Commodity Classic has kicked off in Anaheim, California - hosting thousands of producers from the corn, wheat, soybean and sorghum sectors of agriculture. It is not only an opportunity for farmers to learn more about new technologies improving their industry - but also a way to hear from experts about what may affect them in and out of the field this growing season.
Jim Wiesemeyer is one of those experts from Informa Economics. He told producers that in this election year - things may get very interesting in Washington. Wiesemeyer sees a “you have a throw the bums out” mentality through out the country, and what’s different this time is that it including “my own lawmaker”. Not all, but more than a few, and that means that any incumbent, especially in the house is vulnerable and they know that right now.
That’s why you’re see this nervousness, and that’s why you’re seeing this visceral atmosphere between the parties…they don’t want to make a mistake. One of the Senators targeted is Senate Ag Chair Blanche Lincoln. But Wiesemeyer says he believes her type is what Washington needs more of. Lincoln has the ability, in the gut, to go against her party when she thinks she should.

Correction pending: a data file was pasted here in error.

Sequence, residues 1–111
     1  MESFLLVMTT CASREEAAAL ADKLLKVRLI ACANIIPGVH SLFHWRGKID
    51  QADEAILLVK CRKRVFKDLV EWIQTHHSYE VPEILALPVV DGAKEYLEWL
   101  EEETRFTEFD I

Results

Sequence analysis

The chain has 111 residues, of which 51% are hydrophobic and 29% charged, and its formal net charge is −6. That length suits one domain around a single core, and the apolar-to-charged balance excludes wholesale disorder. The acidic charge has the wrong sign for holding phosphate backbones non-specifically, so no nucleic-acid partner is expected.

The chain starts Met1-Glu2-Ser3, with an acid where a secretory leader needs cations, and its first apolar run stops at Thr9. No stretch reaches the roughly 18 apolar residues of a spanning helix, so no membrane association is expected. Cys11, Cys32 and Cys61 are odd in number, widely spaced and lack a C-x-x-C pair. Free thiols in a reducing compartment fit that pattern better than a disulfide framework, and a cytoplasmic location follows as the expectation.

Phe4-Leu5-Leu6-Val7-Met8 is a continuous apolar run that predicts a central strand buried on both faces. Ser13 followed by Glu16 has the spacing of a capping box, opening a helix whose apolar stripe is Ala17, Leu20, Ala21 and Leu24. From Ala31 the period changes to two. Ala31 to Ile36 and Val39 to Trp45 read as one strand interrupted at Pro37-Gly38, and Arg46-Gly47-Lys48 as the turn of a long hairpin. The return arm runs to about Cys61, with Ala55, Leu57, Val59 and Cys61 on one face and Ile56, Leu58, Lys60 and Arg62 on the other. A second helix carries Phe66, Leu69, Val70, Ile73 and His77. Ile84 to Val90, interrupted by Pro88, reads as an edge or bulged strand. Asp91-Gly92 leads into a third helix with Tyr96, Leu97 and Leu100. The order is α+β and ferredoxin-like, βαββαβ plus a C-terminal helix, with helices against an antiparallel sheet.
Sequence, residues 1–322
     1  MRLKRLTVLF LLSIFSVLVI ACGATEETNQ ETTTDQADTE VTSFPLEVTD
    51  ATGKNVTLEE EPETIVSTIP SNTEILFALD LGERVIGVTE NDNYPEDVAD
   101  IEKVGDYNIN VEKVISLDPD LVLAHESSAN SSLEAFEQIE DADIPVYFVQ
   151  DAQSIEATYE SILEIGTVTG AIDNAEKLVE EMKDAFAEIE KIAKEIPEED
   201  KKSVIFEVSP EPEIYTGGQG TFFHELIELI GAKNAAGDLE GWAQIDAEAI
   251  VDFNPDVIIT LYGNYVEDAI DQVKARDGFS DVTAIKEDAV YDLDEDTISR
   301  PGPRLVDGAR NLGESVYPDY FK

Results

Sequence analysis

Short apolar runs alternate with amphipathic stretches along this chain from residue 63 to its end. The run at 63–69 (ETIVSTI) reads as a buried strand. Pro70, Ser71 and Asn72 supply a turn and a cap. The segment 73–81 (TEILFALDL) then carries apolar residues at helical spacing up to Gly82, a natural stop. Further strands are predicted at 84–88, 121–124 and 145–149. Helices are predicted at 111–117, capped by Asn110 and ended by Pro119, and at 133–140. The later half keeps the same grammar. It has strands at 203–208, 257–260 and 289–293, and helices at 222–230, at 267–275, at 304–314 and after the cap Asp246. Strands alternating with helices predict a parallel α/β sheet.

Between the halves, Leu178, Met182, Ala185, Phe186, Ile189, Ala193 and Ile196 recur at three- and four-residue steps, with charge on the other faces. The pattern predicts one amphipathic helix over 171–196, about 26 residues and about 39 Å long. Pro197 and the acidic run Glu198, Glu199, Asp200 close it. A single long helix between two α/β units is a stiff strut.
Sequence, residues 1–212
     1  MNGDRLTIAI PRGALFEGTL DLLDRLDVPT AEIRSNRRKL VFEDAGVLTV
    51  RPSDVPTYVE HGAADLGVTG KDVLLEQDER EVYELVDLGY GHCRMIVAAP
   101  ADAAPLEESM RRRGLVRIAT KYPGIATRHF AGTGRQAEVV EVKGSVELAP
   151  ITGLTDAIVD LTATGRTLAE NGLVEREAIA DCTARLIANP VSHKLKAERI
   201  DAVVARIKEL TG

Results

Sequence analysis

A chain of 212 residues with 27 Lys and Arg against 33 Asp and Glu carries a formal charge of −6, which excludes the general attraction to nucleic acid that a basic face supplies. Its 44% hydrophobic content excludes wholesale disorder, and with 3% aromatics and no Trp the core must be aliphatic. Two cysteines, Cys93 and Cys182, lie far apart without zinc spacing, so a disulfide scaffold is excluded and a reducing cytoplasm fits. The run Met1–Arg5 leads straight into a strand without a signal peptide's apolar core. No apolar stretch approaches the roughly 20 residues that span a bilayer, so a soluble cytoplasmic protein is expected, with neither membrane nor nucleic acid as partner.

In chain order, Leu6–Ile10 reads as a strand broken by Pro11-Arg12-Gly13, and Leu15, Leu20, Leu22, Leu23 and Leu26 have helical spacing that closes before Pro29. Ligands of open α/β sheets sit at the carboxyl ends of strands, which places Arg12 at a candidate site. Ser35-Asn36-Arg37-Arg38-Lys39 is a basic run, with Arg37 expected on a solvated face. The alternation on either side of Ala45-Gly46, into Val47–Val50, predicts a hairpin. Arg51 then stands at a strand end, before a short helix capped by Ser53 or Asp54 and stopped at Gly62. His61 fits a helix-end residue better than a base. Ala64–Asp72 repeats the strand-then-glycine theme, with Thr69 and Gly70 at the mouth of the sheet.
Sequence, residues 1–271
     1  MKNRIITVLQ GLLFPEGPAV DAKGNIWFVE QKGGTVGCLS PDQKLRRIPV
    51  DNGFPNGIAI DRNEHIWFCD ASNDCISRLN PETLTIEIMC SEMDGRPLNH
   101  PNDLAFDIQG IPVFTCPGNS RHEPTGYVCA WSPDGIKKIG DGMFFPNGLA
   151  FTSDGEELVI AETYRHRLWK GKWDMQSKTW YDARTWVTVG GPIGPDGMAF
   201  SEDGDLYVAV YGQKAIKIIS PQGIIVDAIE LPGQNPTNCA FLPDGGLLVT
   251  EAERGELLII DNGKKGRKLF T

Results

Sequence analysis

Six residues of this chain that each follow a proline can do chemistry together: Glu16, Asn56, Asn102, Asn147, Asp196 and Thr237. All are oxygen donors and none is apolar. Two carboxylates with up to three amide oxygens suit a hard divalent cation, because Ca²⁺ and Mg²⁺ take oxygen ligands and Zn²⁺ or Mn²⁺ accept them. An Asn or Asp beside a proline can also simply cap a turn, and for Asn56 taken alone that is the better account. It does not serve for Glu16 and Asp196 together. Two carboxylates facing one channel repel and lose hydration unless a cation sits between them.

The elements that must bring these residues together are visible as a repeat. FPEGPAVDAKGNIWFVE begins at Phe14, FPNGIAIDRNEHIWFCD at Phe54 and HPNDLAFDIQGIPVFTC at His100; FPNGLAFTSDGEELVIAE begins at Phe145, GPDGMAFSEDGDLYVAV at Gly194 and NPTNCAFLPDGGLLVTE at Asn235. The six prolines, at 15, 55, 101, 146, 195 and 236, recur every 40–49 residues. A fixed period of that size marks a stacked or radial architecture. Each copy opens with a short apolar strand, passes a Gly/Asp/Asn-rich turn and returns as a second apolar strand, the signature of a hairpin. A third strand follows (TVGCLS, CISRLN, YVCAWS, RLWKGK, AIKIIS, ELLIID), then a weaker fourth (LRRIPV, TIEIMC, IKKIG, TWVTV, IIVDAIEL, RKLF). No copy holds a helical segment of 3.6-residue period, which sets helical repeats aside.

She’s very good for ag because she’s an equitable person, she knows about the inter-relationships between livestock markets and grain markets, she’s big on energy policies, etc. But, right now Lincoln is about 18 to 20 points behind in the polls, and agriculture would loose a good person if she’s not reelected.
As for Wiesemeyer’s thoughts on USDA; Wiesemeyer says it’s the most unusual USDA in his 32 years of covering this business in Washington. Wiesemeyer goes on to say that Vilsack is a nice guy, he’s articulate, he’s just taking USDA in a different direction. There are three major issues that he’s taking on, sustainable agriculture, whatever that is, organic agriculture, and local farmers’ markets.
All of those are interesting, they’re important, but there’s not production agriculture in there, and Wiesemeyer thinks that’s what a lot of producers are starting to sense, “what about me? Am I being left behind here?” Wiesemeyer says to be fair - Vilsack does take his cues from the Obama Administration and particularly First Lady Michelle Obama as far as organic agriculture is concerned.